What's next in Cons for me in 2019?
I've already registered for MepaCon in Scranton, PA, and have signed up for sessions of Mutant Crawl Classics and XCrawl. I'm excited for that.
Later in the year will be Mancation (ManCon VI) and the inaugaral CuseCon in Syracuse, NY (about an hour north of me), where I'm hoping to play some DCC as well as find plenty of open gaming. I'll probably go to RoberCon again here in the Bingo area. And then there's always FATFROG, which I realized I didn't mention. It's the Friday After Thanksgiving Family Reunion Over Games that happens at my place on Black Friday.
So, what have I learned about myself after writing this? It's what I already knew. I don't care about the big cons. I want to play games I like with people I like. If that means being silly and calling a planned day of gaming at someone's house a "Con", well, I'm not above doing that. Because those are my favorite Cons. And sometimes it feels like the amount of effort that we put into planning and coordinating everyone's schedules to make something like this work has got to be as difficult, or more difficult, than what it takes to pack a stadium with new shiny things.
I'm not qualified to make any judgment on any of the legalities on all that has led up to the present AoS reprint. I've been following the back-and-forth for longer than 10 years now. All that means is that I'm less sure of who is right and who is wrong than ever in the past. It's a mess. It seems as if all parties have behaved badly.
My personal position is that Wallace admits that Bohrer took his design (at his direction) and made it a different, better game. Hamilton (who was the other half of Warfrog at the time) admits that the rules copyright belongs to Winsome (as is clear on original box and rules, so cannot be denied). If this were work for hire as Wallace and Hamilton insist it was, then why in the name of everything cardboard would the rules as written be allowed to be exclusively in Bohrer's name and not copyright Wallace or copyright Warfrog? Why is there a clear statement at the end of the rules that the rules are copyrighted by Bohrer? Copyright means that this individual HAS THE RIGHT TO MAKE COPIES AND LICENSE COPIES TO OTHERS. My understanding is that rules are the only things that can be copyrighted in game design. If Bohrer owns the rules copyright, he effectively owns the design. This fact, coupled with the clear fact that (for whatever reason, good or bad,) Warfrog did indeed slap a statement on the original box declaring license and copyright belonging to Winsome, is enough to make me feel no remorse in purchasing this new edition of AoS. Without any signed contracts between Wallace and Bohrer detailing who owns what, it seems like the public record made by Warfrog's own game box and rules testifies against their own position, whether they are in the right or not.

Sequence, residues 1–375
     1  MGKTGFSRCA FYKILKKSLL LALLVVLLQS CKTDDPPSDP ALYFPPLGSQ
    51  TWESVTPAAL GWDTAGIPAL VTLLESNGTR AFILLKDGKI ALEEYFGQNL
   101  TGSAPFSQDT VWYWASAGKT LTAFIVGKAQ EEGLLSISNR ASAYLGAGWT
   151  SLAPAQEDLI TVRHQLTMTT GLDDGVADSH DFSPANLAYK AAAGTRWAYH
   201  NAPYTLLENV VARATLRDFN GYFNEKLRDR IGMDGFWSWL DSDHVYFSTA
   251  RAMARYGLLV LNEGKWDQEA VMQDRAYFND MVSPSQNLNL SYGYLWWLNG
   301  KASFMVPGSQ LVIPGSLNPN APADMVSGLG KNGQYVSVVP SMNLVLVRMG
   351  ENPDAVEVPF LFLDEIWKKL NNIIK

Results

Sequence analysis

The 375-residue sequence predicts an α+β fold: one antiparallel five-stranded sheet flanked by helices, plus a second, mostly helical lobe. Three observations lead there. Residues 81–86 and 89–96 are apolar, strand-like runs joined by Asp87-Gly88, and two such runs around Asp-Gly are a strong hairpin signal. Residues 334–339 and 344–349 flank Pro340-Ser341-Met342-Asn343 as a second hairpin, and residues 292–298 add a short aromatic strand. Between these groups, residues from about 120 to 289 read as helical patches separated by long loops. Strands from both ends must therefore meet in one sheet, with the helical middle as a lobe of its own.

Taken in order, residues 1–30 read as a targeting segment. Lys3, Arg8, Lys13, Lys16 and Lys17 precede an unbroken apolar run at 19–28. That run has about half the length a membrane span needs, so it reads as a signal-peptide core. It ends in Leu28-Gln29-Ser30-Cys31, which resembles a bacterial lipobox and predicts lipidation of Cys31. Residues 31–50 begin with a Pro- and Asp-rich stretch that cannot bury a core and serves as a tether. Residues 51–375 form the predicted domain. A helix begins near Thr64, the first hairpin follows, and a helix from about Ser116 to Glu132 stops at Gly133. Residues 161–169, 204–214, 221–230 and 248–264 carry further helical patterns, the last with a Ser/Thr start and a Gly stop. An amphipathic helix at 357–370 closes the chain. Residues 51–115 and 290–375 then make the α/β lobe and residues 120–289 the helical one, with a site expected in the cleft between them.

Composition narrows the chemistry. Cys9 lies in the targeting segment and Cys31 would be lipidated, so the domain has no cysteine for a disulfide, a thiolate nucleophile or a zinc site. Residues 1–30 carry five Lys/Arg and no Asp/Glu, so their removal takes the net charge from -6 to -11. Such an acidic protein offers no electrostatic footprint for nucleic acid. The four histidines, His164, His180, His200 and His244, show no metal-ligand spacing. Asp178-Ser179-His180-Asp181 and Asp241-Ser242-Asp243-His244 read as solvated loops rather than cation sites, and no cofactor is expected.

It should be noted that Bohrer explicitly names Wallace as designer at the end of the rules. I don't think that has ever been in dispute. My understanding is that Bohrer, right or wrong, as developer with copyright, believes that he can license these rules, and that he has always offered to pay Wallace. Based on the copyright and licensing statements, I'm inclined to side with Bohrer (and yes, I've read the claims that these were done "as a favor," etc., and that's probably true, but, if true, it was an incredibly stupid favor). My further understanding is that Wallace does not want any royalty payments from Bohrer or EGG because he believes that they don't have the right to print the game at all without his permission. Maybe so, I don't know. All I know is that it makes for a strange situation in which one company is trying to publish a game that I love while the designer is trying to stop this game from being published. The designer is happy with his re-designs (Steam, Railways) and no longer wants anything to do with the original rules-as-written design. As a fan of the original game and not the re-designs, I feel like I have to stand firmly on the side of those who want to reprint the original game, the version of the game that I feel strongly should NEVER go out of print.